Conjugation-Modulated Excitonic Coupling Brightens Multiple Triplet Excited States

02 September 2022, Version 1
This content is a preprint and has not undergone peer review at the time of posting.


The design and regulation of multiple room-temperature phosphorescence (RTP) processes are formidably challenging due to the restrictions imposed by Kasha’s rule. Here we report a general design principle for materials that show multiple RTP processes, which is informed by our study of four compounds where there is modulation of the linker hybridization between donor (D) and acceptor (A) groups. Theoretical modeling and photophysical experiments demonstrate that multiple RTP processes can be achieved in sp3 C-linked D-A compounds due to the arrest of intramolecular electronic communication between the T2 and T1 states. However, for the sp2 C-linked D-A counterparts, only RTP from T1 is observed because of enhanced excitonic coupling between the T2 and T1 states. Single-crystal and reduced density gradient analyses reveal the influence of molecular packing on the coincident phosphorescence processes and the origin of the observed aggregate phosphorescence. These findings provide insight into high-lying triplet excited state dynamics and into a fundamental design principle for designing compounds that show multiple RTP.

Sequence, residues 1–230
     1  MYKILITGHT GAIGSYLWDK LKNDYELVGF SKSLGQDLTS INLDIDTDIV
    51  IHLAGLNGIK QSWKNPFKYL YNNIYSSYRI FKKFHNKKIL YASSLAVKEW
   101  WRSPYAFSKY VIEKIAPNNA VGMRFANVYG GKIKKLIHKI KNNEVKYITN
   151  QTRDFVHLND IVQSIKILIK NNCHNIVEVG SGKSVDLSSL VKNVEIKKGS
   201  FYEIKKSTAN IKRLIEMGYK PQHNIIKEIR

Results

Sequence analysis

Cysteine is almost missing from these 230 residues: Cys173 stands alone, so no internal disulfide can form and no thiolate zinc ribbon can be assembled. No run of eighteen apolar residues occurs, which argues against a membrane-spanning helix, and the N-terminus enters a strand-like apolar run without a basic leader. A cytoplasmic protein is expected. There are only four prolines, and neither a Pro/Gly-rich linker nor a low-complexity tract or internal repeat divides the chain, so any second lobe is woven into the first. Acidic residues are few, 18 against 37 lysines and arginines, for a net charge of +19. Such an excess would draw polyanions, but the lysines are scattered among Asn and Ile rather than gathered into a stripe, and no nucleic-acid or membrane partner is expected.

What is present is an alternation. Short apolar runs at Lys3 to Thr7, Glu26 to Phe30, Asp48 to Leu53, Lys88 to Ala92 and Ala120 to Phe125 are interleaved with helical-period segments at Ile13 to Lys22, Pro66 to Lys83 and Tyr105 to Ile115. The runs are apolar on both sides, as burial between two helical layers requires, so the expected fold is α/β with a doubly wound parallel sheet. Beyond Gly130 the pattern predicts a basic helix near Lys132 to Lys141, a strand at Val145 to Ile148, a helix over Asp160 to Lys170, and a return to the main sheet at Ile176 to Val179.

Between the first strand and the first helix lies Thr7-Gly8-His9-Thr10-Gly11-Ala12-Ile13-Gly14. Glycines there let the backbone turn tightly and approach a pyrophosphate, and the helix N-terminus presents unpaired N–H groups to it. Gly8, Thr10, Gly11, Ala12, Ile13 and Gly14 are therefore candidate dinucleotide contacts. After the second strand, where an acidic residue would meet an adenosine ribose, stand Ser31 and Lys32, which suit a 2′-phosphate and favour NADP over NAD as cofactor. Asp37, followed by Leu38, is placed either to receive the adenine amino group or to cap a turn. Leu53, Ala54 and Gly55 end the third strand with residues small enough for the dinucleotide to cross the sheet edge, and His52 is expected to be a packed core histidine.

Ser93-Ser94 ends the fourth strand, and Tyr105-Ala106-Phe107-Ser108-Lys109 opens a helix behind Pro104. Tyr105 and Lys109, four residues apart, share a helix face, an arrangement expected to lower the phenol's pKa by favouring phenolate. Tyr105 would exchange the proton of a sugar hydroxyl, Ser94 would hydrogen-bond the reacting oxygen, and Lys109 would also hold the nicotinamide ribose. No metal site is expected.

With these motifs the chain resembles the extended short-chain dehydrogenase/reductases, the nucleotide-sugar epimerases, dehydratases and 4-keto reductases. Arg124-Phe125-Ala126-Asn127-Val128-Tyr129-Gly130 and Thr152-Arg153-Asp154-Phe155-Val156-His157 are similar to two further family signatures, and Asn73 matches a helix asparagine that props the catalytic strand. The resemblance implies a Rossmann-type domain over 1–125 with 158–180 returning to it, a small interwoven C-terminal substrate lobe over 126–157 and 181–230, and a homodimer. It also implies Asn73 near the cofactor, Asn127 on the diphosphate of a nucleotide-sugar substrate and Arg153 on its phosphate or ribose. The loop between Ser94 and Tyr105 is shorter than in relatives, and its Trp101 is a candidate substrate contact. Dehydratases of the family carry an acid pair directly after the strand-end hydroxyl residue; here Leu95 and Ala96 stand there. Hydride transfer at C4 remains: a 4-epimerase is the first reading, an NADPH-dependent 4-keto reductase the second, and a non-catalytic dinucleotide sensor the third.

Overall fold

room-temperature phosphorescence
multiple phosphorescence
conjugation modulation
excitonic coupling
higher-lying triplet excitons

Supplementary materials

Electronic Supporting Information


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